Residents of Bexar County, Texas, who want to legally change their name for reasons other than a marriage or a divorce, must obtain permission from a civil court judge to do so. State laws, rather than local county laws, dictate whether you are eligible to change your name, but you must initiate your civil suit by filing documents with the Bexar County District Clerk. It’s beneficial to familiarize yourself with the county's specific procedures to avoid unnecessary delays.
Draft “Original Petition for Change of Name” and “Order for Change of Name” documents. The Bexar County District Clerk does not provide standard forms for the petition and order, so it’s your responsibility to draft the original documents. The State Bar of Texas provides examples of the petition and order on its website that you can duplicate for use in drafting the court documents.
Verify your petition. You must sign the petition in the presence of a Texas notary and confirm that all statements in the document are true. After witnessing your signature and reviewing your identification, the notary must also sign the document.
File the petition and order with the Bexar County District Clerk. You can file these documents at the downtown San Antonio office by mail, fax, e-filing or in person. As of this writing, Bexar County requires the payment of a $232 fee at the time of filing and will accept a money order, cashier’s check, Discover card or cash.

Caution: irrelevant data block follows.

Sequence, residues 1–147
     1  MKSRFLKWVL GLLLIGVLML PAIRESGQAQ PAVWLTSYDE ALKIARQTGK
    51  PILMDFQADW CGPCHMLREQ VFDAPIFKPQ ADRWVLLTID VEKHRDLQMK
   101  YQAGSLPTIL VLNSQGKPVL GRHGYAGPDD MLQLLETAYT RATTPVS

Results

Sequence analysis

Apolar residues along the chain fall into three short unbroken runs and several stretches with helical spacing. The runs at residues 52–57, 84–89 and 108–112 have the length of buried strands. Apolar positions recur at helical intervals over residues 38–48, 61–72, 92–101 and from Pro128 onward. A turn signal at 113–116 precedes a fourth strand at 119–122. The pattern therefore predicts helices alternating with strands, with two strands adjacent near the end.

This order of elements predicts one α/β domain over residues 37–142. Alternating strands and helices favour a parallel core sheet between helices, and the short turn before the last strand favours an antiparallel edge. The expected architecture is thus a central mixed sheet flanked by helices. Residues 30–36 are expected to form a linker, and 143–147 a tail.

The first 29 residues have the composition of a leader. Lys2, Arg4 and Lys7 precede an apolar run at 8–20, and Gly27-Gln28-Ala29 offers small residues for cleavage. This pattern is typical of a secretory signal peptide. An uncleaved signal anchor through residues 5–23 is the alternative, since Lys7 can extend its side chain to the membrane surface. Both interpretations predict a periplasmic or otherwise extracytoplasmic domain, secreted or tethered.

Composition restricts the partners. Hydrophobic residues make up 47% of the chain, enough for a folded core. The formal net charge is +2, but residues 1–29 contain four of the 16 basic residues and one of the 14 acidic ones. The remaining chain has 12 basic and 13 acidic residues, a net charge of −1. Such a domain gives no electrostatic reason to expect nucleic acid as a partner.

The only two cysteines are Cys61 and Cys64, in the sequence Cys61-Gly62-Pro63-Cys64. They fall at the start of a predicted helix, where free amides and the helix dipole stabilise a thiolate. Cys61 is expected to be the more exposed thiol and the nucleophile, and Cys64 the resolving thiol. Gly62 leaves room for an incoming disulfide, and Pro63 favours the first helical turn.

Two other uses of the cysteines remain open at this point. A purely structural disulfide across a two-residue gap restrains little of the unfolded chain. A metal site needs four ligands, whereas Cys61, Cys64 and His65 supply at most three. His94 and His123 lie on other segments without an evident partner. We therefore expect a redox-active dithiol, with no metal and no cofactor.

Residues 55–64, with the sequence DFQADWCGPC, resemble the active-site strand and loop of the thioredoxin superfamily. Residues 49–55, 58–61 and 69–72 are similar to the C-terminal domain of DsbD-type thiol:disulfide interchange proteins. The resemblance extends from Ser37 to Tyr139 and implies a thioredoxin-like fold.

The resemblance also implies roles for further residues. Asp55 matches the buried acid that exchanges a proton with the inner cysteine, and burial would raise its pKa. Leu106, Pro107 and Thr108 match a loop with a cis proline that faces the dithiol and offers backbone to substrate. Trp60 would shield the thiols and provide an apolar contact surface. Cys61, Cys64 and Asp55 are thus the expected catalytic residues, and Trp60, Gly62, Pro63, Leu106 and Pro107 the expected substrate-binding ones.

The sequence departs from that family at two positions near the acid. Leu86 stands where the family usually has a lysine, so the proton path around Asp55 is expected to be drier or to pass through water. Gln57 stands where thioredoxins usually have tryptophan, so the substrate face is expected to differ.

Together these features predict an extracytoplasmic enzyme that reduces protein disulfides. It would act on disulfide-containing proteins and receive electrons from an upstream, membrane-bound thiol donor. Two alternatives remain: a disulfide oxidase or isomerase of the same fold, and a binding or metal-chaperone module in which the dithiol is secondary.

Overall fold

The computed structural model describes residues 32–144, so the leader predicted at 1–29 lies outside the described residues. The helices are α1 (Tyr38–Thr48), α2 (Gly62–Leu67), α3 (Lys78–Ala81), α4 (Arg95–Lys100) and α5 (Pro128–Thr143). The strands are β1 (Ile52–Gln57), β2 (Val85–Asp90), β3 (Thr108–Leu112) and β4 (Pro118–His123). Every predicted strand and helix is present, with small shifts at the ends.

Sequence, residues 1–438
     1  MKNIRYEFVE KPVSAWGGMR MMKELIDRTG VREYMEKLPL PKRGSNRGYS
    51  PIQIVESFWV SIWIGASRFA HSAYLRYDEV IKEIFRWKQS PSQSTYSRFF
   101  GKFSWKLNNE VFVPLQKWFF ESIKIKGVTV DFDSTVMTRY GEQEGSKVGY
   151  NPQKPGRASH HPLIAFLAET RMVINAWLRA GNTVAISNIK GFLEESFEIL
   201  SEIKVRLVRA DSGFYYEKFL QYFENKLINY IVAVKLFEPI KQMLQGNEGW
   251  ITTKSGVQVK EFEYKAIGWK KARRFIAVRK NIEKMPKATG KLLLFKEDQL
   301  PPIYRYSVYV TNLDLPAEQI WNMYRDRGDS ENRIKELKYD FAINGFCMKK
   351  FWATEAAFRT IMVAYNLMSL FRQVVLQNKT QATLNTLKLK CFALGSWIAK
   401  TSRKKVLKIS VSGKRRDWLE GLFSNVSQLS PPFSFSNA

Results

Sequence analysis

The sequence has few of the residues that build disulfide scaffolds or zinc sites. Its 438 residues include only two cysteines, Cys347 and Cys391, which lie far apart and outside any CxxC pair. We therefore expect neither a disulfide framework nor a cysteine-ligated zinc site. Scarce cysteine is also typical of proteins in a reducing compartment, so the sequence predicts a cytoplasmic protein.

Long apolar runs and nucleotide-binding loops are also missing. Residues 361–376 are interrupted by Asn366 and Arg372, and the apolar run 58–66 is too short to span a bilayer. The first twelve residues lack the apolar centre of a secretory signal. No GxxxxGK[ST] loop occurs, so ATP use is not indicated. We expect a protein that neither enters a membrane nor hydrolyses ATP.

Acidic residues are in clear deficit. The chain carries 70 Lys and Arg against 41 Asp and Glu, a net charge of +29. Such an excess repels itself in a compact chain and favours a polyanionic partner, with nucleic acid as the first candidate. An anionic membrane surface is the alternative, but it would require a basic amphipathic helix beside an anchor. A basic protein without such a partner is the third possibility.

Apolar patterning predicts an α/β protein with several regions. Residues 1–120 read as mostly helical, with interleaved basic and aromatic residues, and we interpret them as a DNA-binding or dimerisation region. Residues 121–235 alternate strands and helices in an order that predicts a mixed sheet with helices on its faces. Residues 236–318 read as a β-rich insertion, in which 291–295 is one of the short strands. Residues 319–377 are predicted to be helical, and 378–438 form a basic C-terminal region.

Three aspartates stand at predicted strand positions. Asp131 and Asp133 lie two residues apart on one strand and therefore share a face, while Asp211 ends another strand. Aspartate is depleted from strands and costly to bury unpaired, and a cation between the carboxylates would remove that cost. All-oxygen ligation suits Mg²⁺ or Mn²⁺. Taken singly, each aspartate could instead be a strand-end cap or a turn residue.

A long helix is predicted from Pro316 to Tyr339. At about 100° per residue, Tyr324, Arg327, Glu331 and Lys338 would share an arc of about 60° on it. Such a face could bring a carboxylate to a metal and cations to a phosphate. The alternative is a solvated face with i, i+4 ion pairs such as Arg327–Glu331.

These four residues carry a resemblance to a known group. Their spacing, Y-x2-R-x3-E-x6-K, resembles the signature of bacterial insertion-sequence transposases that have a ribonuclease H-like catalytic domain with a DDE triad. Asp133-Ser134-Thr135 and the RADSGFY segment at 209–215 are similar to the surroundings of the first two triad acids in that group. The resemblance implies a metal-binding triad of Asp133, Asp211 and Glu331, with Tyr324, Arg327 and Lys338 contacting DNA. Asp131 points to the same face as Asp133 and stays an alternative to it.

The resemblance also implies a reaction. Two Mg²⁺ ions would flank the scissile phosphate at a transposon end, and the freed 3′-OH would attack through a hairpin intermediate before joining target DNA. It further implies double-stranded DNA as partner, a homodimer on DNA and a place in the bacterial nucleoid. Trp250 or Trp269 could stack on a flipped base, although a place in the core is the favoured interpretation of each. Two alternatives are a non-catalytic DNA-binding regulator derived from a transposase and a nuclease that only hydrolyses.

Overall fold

Schedule an appointment to appear before a judge for a hearing on your petition for a name change. You can schedule this hearing by appearing in person before the presiding court clerk or by calling 210-335-2000. The court clerk will provide you with the location of the civil court where you must appear and the time of your hearing.
Appear before the judge at the scheduled time. The judge will approve an Order for Change of Name if there are no felony convictions on your record, you aren’t required to register as a sex offender and you can convince the judge that your name change is in your and the public’s best interest. Once the judge signs the order, your name is legally changed.
Notify the Social Security Administration and the Texas Department of Motor Vehicles of the legal name change. Texas law requires that you obtain a new social security card and state driver’s license with your new name soon after the judge signs the order.